In 2011, I decided I would try to write a novel. ‘It’ll be easy,’ I thought. ‘Just put the words down and off you go.’ As you can imagine, my novel soon stalled. I realised I didn’t have enough knowledge about craft or how to put together all the fragments I had written so I enrolled in a course through the NSW Writers’ Centre. The course instructor was Kate Forsyth. I decided I should read Kate’s latest book before I got there so I bought a copy of Bitter Greens. After I started reading, I found I couldn’t stop. Bitter Greens is the most wonderful Gothic retelling of Rapunzel I have ever read, full of heartbreak, forbidden love and dark magic. I reread it regularly whenever I need an injection of Kate’s writing inspiration.
The Children of Green Knowe by Lucy M. Boston
I have a very worn, much-loved copy of this book on my shelf. It’s a beautiful, gentle tale of a little boy who goes to live with his grandmother in an English castle and discovers that the ghosts of his ancestors, who died during the Great Plague, are still there. There are stories within stories, secrets to be discovered and an old curse which must be broken. I can’t wait to read it to my own kids one day.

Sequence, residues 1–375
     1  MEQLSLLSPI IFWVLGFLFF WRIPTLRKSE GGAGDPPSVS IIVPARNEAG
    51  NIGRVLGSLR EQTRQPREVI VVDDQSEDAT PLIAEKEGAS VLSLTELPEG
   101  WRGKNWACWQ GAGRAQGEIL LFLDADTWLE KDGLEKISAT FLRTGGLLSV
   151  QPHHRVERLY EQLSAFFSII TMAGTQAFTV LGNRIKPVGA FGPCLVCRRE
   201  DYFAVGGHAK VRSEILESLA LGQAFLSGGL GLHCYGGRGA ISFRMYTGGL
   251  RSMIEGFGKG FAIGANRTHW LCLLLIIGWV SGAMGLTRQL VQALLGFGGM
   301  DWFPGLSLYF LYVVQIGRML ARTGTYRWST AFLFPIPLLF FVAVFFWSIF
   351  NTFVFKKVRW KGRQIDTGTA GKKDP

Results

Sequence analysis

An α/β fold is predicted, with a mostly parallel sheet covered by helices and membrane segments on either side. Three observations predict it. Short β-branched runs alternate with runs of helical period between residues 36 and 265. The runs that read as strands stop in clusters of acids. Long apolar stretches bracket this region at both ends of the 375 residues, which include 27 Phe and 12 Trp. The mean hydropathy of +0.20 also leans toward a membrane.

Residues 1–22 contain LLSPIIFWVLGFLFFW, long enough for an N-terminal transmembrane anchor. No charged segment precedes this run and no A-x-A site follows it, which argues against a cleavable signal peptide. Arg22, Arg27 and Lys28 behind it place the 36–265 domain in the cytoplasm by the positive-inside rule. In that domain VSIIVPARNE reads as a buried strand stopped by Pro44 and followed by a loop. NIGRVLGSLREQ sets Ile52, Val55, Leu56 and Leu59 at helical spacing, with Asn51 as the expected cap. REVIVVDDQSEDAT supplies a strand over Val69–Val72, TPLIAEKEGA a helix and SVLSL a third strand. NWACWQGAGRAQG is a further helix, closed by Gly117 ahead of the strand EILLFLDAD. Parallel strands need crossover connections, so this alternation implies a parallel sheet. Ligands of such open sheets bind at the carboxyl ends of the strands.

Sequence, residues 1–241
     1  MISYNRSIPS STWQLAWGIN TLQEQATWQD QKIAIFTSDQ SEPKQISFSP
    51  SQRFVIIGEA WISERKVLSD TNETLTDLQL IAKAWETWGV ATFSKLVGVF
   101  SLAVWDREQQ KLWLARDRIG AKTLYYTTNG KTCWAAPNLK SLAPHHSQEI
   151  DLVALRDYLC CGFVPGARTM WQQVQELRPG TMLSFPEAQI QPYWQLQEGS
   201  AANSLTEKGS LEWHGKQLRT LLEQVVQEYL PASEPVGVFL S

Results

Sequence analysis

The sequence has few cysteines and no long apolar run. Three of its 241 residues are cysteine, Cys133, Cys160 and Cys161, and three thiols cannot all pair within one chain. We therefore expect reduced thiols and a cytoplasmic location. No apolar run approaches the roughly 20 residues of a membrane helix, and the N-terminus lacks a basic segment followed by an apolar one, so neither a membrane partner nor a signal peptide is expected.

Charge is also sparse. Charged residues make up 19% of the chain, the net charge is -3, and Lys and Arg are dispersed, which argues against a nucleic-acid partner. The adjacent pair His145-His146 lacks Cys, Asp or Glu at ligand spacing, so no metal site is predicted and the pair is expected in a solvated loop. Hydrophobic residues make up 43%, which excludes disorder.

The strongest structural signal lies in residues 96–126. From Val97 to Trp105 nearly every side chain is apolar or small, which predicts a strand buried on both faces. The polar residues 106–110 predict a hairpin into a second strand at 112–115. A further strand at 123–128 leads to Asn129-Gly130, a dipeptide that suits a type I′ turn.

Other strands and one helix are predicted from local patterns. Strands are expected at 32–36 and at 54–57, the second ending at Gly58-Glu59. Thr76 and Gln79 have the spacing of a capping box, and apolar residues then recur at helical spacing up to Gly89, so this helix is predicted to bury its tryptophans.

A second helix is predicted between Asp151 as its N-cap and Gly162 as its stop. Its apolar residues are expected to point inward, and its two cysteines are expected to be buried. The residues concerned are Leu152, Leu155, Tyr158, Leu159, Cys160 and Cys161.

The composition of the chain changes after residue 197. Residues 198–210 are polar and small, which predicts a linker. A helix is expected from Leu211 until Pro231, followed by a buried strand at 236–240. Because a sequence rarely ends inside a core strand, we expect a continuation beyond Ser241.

Seven Little Australians by Ethel Turner
I always loved Seven Little Australians as a child. Gentle Nell, naughty Bunty and incorrigible Judy were my imaginary childhood companions. Many years went by, though, before I picked it up again. In 2011, the night before I was due to give birth to my first child, I was staying at my mum’s house so she could take me to the hospital in the morning. Unable to sleep, I scanned my old bookshelves for something to read and came across Seven Little Australians. I read it all in one sitting and it was like revisiting an old familiar landscape. It was also, although I didn’t realise it at the time, like saying goodbye to part of my childhood as the next day, my son arrived and changed my life forever in ways I could never have imagined.